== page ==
Instead of stepping into a steady government job with the routine responsibility of simply maintaining existing infrastructure, Ray was thrown right into the huge undertaking of expanding infrastructure to a city that had just doubled from 25 square miles to 50. While not everyone was happy about annexation, Ray did not shrink from the challenge it presented. He loved and lived his work with a passion that went beyond just professional duty.
“When I was younger, I thought about going into ministry because of my faith, but I didn’t feel like God was calling me to that. I felt like I was called into public service,” Ray says. “It was a calling for me, not a job. I did it as a calling and still feel that way. That’s why I worked thousands of hours, put it as a priority, and always worked for the common good rather than personal good.”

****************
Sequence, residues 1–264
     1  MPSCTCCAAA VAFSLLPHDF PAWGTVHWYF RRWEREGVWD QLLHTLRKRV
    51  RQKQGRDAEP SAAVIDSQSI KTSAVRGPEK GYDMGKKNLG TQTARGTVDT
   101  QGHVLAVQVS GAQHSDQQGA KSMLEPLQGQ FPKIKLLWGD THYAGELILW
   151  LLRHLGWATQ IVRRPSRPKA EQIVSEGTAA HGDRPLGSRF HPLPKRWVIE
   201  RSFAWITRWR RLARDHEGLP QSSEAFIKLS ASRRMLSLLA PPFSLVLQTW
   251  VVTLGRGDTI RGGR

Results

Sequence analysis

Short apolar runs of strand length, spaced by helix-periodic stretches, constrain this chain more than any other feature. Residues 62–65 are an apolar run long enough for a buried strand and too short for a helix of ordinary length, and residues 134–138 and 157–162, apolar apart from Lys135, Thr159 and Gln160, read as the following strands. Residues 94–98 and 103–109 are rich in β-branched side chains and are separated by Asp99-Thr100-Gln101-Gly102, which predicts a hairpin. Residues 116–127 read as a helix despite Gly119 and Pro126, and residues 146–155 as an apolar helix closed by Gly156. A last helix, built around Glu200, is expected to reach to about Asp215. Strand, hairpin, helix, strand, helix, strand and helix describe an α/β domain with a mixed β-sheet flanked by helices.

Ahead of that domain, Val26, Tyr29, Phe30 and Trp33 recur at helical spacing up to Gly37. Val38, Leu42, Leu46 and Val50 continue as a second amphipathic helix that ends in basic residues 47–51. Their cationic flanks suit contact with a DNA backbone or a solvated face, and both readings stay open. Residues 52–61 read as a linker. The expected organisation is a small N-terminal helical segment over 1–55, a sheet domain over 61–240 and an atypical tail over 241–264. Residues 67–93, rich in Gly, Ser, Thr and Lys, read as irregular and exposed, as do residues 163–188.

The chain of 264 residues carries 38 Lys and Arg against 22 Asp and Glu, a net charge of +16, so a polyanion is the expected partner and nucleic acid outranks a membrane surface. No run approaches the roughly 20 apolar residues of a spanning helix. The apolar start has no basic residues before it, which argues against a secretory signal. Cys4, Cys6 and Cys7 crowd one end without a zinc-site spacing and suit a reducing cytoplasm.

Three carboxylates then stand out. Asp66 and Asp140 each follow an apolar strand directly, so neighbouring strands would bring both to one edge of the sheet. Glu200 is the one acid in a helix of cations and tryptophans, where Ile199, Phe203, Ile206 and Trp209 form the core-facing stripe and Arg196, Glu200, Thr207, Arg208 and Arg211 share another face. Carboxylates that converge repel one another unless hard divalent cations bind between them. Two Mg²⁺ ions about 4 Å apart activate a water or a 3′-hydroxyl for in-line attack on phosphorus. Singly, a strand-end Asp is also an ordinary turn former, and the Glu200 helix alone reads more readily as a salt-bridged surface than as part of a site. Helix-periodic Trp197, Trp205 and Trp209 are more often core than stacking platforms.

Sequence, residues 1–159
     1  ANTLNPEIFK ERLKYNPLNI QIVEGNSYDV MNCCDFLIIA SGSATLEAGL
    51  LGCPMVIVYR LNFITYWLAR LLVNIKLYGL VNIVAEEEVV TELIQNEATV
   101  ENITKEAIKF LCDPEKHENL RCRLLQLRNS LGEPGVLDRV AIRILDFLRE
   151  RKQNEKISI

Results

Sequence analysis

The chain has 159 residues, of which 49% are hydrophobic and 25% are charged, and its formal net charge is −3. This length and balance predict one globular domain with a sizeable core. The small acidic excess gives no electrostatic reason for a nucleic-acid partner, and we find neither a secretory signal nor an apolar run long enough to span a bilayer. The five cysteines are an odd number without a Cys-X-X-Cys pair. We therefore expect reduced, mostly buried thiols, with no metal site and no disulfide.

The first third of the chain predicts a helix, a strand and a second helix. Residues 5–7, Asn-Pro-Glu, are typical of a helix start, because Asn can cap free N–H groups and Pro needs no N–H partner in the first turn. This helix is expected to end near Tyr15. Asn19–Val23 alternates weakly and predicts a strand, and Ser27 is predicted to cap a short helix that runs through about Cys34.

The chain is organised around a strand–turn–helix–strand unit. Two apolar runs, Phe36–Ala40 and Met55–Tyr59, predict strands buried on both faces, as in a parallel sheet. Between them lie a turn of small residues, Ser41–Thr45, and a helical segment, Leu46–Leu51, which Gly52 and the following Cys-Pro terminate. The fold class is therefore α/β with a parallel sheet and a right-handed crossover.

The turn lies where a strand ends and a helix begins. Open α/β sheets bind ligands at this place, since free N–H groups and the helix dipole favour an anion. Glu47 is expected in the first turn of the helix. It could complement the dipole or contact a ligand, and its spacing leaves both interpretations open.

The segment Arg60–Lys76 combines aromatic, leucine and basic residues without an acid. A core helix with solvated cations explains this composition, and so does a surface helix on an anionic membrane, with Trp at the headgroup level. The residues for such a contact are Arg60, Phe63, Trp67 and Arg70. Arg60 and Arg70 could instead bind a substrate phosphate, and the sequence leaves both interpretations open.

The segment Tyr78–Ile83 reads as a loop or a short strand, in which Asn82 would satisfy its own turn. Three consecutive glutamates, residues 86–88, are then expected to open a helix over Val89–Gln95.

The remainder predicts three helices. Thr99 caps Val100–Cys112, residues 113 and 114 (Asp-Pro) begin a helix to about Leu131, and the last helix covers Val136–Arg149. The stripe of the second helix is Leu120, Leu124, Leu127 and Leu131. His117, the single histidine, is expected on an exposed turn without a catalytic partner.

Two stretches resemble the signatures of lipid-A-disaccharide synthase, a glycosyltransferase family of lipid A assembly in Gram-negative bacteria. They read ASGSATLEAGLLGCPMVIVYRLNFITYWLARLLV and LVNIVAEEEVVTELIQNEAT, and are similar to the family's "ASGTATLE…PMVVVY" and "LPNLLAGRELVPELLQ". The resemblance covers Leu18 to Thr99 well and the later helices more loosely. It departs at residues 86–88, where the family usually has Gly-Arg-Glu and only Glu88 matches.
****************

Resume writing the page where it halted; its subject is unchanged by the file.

Moving up quickly to become the director of the public works department, Ray managed 400 people and a $100 million budget. While not partisan by nature, working closely with city council helped Ray realize that he had to be sensitive to political issues if he wanted to get things done. He saw good projects killed by grandstanding council members playing politics, which taught him that one thoughtless decision can have a forever impact on a community. On what qualities make a good city council member, Ray says, “It’s someone that always looks at the big picture and does not have an agenda.”